Plot, schmot, the send-up of Apocalypse Now, Platoon, and nearly every Chuck Norris Missing in Action film ever made is only a fertile ground for Stiller and co-writer Justin Theroux to careen between the clever and ridiculous with a big side trip into “I can’t believe they just went there.” In his first time back in the director’s saddle since 2001’s Zoolander, Ben Stiller takes many sacred cows and exuberantly roasts them on a spit, taking special care to put the self-indulgent, egomaniacal silliness that permeates the production of Hollywood films on broil. Actors, directors, studio heads, writers, even special effects guys aren’t safe from Stiller’s gimlet eye. Though each character is priceless – Jeff Portnoy’s DT’s are possibly Jack Black’s funniest moments on film – the first of two of the film’s big talking points is Robert Downey Jr.’s turn as Kirk Lazarus, a volatile blend of Mel Gibson and Russell Crowe, who insists on getting so under the skin of his characters that he actually turned himself black to play Sgt. Osiris.  Downey Jr. so fully immerses himself in the role of the absurdly method Lazarus, that Sgt. Osiris becomes his own living, breathing character. The audacity of even seeing a Caucasian onscreen made up to look like an African-American is voiced by the righteous outrage of Alpa Chino, played nicely by Brandon T. Jackson, who lets his indignation at Lazarus’ casting and patronising affectations be known. Lazarus gets his references for playing the African-American Osiris from television and the media and his gaffes are justifiably embarrassing (- and funny as heck), but never intentionally insulting. Somehow, as Osiris, Kirk Lazarus the actor becomes more real as a person than he ever was before in his own skin. The money-minded Alpa Chino has his own reality fluctuations to deal with and confronting Lazarus, who is a “dude playing the dude disguised as another dude,” teaches the young rapper about being true to himself. Downey Jr. treads a very fine and dangerous line with this performance as only someone with his remarkable acting chops could and I can’t picture anybody else pulling it off or daring to.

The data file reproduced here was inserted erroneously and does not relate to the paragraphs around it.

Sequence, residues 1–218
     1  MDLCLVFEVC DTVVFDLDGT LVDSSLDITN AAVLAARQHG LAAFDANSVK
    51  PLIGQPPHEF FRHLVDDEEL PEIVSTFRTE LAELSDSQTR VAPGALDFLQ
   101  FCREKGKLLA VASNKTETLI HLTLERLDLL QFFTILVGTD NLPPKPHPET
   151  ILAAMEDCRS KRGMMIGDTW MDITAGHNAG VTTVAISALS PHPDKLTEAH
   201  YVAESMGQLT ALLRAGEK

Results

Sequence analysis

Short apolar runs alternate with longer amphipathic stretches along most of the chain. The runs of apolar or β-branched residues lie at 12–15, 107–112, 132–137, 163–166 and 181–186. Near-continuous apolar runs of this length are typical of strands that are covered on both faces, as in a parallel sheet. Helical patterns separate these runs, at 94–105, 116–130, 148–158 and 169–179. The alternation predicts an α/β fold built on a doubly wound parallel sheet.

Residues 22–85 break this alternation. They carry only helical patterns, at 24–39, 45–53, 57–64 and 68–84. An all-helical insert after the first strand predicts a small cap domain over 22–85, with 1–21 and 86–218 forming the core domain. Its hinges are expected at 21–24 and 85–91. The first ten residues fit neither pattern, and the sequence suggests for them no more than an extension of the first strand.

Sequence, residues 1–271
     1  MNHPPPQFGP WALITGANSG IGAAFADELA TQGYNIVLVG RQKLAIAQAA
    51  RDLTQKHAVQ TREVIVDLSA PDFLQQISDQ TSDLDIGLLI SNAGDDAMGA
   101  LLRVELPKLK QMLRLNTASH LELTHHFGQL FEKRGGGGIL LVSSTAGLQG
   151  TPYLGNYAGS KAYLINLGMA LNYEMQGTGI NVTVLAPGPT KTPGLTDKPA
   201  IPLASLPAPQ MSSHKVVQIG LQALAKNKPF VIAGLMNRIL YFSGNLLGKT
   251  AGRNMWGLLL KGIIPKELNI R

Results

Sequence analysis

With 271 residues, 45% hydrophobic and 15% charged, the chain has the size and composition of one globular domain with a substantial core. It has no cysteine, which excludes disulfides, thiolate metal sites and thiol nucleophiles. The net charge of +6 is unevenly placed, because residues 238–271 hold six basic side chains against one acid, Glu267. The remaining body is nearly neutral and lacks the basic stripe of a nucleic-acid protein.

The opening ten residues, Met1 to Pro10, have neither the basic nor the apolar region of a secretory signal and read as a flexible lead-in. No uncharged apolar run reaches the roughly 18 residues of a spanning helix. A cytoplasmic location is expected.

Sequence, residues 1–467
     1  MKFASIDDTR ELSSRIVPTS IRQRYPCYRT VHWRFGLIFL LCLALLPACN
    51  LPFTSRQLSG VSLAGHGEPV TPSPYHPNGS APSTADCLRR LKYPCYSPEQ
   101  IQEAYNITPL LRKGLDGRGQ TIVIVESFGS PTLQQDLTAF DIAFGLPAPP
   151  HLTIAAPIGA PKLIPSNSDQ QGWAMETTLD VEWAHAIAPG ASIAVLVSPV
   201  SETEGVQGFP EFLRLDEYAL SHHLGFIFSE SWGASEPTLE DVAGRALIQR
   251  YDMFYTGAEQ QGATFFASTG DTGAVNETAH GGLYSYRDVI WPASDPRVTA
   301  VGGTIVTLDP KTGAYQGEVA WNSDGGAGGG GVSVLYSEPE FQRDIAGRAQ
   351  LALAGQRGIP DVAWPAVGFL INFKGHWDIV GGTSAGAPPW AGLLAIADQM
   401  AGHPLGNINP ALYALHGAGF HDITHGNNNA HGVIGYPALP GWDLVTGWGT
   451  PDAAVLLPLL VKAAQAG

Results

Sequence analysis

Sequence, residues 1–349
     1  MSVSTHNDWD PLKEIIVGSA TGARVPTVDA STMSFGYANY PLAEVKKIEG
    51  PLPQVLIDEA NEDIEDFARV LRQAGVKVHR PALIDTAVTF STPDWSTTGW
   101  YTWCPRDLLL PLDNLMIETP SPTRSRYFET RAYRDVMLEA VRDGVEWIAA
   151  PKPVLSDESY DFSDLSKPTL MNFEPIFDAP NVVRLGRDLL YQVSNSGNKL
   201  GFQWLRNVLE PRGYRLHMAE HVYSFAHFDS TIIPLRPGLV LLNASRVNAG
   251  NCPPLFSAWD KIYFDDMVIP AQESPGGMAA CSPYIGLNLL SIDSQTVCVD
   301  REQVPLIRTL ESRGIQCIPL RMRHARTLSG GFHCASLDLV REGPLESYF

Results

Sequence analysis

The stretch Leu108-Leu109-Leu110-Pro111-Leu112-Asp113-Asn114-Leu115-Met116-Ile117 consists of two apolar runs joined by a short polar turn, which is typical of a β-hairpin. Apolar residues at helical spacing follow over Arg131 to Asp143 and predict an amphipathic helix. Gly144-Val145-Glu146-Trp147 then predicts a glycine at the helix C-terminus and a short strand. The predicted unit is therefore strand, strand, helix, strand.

The other filleted stereotype is the worst-kept secret bit part in Hollywood, Tom Cruise as monster mogul, Les Grossman. In a hairy fat suit and balding wig, complete with weedy comb over, Cruise is frightening as the vulgarian studio head who intersplices curse-filled, vitriolic tirades with a little G5 dance from time to time. Grossman has no faith in the war film project and is only too happy to let Tugg Speedman be executed after he is ransomed by the drug gang, seeing it all come back to the studio in beneficent publicity and insurance money. Cruise, who as any semi-informed hermit knows, has had some personal image difficulties in the past couple of years. As the aptly-named Grossman, Cruise spews more blue language than he has since Magnolia and the end credits reveal Maverick Maguire as quite the fan of hip-hop star Nelly in a way no moviegoer could have suspected. The performance is invested with enough gusto and unselfconsciousness that those who may have read the tabloids and doubted Cruise’s sanity should probably realise that he’s crazy like a fox.

Great performances from the rest of the cast include the aforementioned Jackson, Danny McBride as the crew’s gonzo explosives expert shattered when his hero and the film’s inspiration, Four Leaf Tayback, played by Nick Nolte as equal parts Apocalypse Brando and Jaws’ Robert Shaw, turns out to be a fraud. There’s also the fun cameos sprinkled throughout by Tobey Maguire, Jon Voight, Jason Bateman, Lance Bass, Tyra Banks and Alicia Silverstone. A special mention for Brandon Soo Hoo, the young actor playing the Tran the drug lord; his Tran is a snarling, feral beast and I haven’t been so terrified of someone so small since the Zuni warrior fetish doll from Trilogy of Terror. Despite that scariness, everybody looks like they’re having a great time on the film, which looks ambitiously expensive. The explosion shots that seem to burn down an acre of Kauai, and the eerily Dianetics-esque CGI backgrounds of Tugg Speedman’s Scorcher trailers alone must have cost enough to buy him back from the heroin traffickers. Tropic Thunder could’ve been shot on a blank soundstage and still be one of the funniest films of the year. The brilliant comic camaraderie between the actors, particularly Robert Downey Jr.’s impossibly hilarious performance and the unflinching skewering of so many taboos; social, cinematic and otherwise made Tropic Thunder worth the seven years it took to get Ben Stiller back in the director’s chair.

Very well done.

 

~ Mighty Ganesha

Aug 6th 2008

 

 

 

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(Courtesy of  Paramount Pictures)